Dealing with anxiety and depression this time of the year? Yea, me too.
The holiday season can be difficult for many people, for various reasons. Fond memories of holidays spent with loved ones who have now passed. We miss them. The reality of a broken family, a reality we suppress for most of the year, can become stark, vivid, and central this time of the year as we painfully mourn the hurt and bitterness that splits up so many families. It can be a lonely time for those with no family, friends, who will spend Christmas day alone, yearning for companionship. There are the poor, who, having been lead to believe by our American, capitalistic tradition, that is a day about giving lavish gifts to the children, and they have nothing to give to their own children. No, I am not against gift giving on Christmas. To each their own in this regard.
There is something about knowing that you are not alone in your struggles in life that helps lift the burdens even if it is so slight. Needless to say, my holiday seasons are never easy on me. Every year I am bombarded with anxiety, depression, and grief, and it seems like all my wounds rise up and reveal themselves. I often find myself drinking too much, eating too much, and doing my best to numb the pain as best I can. My daily walks in the woods, meditations, my exercises in mindfulness, all go by the wayside as I am swept up in one violent maelstrom of emotions.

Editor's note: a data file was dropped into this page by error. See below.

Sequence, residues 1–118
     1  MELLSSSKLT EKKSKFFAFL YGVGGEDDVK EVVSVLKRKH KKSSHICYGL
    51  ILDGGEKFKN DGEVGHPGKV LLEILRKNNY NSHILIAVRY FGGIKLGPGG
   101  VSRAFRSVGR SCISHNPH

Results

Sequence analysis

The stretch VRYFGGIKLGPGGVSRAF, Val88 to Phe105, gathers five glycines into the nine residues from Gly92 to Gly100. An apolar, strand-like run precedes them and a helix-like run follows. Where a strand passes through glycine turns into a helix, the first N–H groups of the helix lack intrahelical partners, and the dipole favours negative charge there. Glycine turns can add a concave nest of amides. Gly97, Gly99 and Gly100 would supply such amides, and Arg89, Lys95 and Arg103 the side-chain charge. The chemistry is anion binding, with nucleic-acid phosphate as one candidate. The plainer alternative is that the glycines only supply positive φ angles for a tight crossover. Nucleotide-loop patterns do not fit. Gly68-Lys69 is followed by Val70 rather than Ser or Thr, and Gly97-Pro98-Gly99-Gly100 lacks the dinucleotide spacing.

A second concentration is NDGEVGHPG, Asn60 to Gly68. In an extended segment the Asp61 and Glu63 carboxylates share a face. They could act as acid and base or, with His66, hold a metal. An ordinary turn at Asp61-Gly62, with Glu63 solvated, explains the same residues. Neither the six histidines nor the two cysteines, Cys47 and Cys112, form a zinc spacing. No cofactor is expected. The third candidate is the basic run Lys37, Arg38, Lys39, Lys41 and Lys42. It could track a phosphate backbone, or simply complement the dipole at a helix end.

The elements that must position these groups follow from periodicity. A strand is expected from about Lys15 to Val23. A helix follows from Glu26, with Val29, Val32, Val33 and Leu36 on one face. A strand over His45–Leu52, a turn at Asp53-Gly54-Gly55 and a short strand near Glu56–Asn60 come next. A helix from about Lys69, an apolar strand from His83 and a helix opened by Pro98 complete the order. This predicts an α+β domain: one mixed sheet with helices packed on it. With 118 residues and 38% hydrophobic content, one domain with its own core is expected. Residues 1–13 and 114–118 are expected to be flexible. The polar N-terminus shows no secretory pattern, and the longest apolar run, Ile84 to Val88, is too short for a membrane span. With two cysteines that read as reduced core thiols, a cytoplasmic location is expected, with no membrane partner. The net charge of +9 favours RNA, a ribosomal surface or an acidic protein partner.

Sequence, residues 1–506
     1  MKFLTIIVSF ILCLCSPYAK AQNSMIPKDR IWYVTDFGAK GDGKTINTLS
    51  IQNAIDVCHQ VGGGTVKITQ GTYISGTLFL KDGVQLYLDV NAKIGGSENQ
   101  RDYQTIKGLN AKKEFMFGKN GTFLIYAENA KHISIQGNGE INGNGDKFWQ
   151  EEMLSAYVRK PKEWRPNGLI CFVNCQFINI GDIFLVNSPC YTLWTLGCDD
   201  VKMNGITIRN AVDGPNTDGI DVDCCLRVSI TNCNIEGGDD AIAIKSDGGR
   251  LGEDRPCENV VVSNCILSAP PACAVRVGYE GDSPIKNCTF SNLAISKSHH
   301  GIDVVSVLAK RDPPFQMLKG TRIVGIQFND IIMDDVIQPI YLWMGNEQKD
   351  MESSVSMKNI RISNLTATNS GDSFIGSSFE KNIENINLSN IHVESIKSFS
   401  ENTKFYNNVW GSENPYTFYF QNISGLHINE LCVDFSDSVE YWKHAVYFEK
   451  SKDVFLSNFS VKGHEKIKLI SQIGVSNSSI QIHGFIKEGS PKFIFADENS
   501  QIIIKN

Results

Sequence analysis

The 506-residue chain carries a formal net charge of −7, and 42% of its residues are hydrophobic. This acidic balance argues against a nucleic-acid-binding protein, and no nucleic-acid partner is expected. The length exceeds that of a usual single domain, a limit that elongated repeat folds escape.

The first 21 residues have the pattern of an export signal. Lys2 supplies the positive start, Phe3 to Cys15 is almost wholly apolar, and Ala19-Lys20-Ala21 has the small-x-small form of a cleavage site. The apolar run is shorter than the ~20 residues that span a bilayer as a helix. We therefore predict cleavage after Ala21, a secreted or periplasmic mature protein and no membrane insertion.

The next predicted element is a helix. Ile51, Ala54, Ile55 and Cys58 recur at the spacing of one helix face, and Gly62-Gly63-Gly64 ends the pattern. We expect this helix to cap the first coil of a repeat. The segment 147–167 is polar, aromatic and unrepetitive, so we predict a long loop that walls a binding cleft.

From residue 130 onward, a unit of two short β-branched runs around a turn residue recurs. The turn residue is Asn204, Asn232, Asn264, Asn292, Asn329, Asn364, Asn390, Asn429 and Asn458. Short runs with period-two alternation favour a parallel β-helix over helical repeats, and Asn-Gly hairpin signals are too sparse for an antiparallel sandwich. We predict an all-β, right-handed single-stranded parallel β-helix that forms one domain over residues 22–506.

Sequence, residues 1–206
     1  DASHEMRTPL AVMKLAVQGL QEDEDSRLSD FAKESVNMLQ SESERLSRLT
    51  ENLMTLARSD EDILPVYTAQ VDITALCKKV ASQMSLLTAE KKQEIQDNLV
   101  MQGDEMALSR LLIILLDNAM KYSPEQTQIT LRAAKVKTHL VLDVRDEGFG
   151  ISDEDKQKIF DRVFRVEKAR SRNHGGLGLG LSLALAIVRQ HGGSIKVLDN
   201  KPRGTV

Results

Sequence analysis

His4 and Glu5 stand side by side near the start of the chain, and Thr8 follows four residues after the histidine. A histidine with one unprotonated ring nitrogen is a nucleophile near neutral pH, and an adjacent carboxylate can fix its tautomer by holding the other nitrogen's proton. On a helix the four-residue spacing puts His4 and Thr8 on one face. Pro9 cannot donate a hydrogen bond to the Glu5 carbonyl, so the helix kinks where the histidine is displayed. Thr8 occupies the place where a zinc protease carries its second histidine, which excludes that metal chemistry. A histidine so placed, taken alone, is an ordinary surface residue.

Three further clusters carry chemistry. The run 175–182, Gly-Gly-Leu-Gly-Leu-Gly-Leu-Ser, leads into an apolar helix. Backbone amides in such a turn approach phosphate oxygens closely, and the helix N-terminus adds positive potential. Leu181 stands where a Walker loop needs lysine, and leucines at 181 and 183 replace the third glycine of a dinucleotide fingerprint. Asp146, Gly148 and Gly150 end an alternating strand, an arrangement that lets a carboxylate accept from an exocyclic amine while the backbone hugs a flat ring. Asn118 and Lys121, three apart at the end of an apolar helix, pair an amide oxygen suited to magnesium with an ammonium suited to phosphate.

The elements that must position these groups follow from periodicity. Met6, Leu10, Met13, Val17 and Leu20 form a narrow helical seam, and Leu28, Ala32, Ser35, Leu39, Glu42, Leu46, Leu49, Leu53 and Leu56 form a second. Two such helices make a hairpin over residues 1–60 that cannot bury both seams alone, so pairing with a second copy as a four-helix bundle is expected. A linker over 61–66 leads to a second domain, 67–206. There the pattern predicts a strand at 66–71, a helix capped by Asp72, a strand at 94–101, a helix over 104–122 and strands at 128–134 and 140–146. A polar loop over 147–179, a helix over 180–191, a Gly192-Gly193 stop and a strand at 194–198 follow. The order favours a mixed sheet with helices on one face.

Holiday seasons are rough for many people, I know this. I also know that holiday seasons can be full of joy, laughter, times of light and reconciliation, a time to wind down from a busy year, and to see loved ones that you have not seen in a while. This blog post, however, is not about joy, it is about pain, and coming to terms with it. For those who are still with me, you know what I speak of.
Every Christmas season I reminisce about my childhood memories. I would say my childhood memories of Christmas are a few bright spots in an otherwise dark childhood. The two people who showed me love, gave me attention, and genuinely made a mark on my life are my two grandmothers. I remember going to their homes on Christmas Eve and Christmas day. One of my grandmothers always had a giant lit up star right at her front door, I can still see it clearly in my mind. As you walked into her foyer she had this small, green, clay Christmas tree with many colored lights adorning it. I remember the excitement of the season for me as a kid, and being there with my Grandmothers and other family members. Both my grandmothers have now passed on, one when I was 14, and the other just passed three years ago, right before Christmas. Every year, the grief of their passing rises to the surface for me, as I think back on those years of being with them, and all the light filled memories. I guess the grief never really leaves you when you lose a loved one, and I think allowing yourself the grief is a major part of the healing process. I know so many of you grieve for lost loved ones at this time of year too.